The Rise And Fall Of Cristiano Ronaldo
Confidence is piercing: It attacks the disposition in those it encounters with a domineering force.
Arrogance is masochistic: It challenges those dispositions to return force in kind plus more. It demands unequal retribution. It bolsters the defending.
Ronaldo has none of the confidence he deserves and too much of the hubris that weighs him down.
Someone needs to reboot him.
His head is nowhere near the pitch. His attacking is indirect. His tantrums are ubiquitous. His emotions run completely unchecked.
Where he once out-smarted most defenders, most now out-muscle him, sending the winger whirling downward again into the whining spirals which mar his ever-declining reputation.
His free-kicks sail well off course. His runs to the byline are rare. The extempore cuts and shifts are gone, the sleight and trickery with them, replaced with forecast, boastful, and inconsequential step-overs before usually passing square or backwards.
John O’ Shea is in the side—presumably—to pass sideways. Ronaldo is not!
The club he led to glory last year needs at least half of his ability and at most half of the immaturity. Its fans, ever scrambling to doggedly defend the reprobate, deserve respite and reassurance. They deserve to see their hero on song, not his villainous alter-ego, always scowling and recalcitrant.
In the last several seasons, he played like a man who knew he’d be great. Then the world agreed and made him great, exalting him PFA Player of the Year, European Player of the Year, and World Player of the Year. But despite capturing all of world football’s individual awards to confirm his self-belief, he now seems somehow not to believe in himself anymore.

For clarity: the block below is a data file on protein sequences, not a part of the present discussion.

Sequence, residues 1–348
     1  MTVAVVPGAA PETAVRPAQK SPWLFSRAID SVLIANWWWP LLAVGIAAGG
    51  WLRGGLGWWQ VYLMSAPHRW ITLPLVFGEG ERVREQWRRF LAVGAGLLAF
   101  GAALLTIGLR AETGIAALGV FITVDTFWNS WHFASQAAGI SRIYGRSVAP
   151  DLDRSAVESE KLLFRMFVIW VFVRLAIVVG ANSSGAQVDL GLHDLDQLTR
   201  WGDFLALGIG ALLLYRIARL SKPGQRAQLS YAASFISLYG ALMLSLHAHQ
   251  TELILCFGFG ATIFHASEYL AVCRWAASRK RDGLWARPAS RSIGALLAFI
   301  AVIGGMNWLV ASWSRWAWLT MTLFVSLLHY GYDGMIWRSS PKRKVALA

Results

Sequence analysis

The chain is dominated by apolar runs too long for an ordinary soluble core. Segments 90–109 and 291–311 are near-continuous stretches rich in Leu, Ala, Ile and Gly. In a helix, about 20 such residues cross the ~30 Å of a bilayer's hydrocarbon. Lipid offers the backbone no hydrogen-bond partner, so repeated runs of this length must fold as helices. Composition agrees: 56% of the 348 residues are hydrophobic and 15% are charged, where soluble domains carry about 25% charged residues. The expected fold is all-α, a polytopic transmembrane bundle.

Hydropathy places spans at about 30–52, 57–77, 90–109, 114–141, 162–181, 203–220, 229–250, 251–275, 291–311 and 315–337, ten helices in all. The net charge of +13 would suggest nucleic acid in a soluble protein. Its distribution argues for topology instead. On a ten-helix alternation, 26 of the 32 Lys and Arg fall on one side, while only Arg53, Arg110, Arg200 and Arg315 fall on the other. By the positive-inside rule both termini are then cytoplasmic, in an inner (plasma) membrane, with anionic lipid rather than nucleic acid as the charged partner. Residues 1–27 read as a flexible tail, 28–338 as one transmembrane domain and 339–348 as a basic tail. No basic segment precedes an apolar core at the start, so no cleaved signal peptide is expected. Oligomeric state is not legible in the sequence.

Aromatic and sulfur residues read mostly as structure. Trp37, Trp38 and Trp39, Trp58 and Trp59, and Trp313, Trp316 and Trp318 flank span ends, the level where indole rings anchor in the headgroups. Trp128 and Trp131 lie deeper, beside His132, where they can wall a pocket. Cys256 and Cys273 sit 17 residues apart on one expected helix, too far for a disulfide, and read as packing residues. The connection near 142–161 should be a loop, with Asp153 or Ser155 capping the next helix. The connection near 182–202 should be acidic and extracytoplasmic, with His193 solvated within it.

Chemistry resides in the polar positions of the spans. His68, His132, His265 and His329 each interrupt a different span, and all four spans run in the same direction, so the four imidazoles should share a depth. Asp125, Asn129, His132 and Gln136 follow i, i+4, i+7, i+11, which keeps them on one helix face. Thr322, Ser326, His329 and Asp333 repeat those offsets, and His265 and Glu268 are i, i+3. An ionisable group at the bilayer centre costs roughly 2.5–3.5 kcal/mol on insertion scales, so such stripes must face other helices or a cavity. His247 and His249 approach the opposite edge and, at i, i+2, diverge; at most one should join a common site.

The weight of each opposing crowd booing and teasing him might be taking its toll. Maybe Messi or Ribery’s form of late is what causes Ronaldo so much anxiety. Maybe he can’t deal with the pressure of becoming the most recognizable player on the planet. Maybe he just wants people to like him more—who could blame him?
But after six months of his emotional treacle, can no one within the walls of Old Trafford encourage change in the 24-year-old? Can’t Alex Ferguson himself demand it? The Scot never shied from ego-management: Ince, Cantona, Hughes, Beckham—how is Ronaldo less deserving? Why is he immune?
A flying boot would affect him just the same. Ronaldo must’ve seized sizable leverage with his bi-yearly feigns at foraying into Spanish football, because Ferguson is hesitant to ever discipline the boy in his side who needs it the most.
Let Ronaldo watch a game from the stands like he used to when he actually played with some naivete and creativity. Give Tosic a run-out. Hell, give Nani a run-out. Make Ronaldo remember what it’s like to just be a player again.
Perhaps Carlos Quieroz, former United number two and current Portugal manager, can speak with urgency in a language the winger will hear, understand, and adhere to.
Change for the winger Ronaldo is long overdue and must be swift before he completely undermines his stature in the world game that surely could not have peaked already?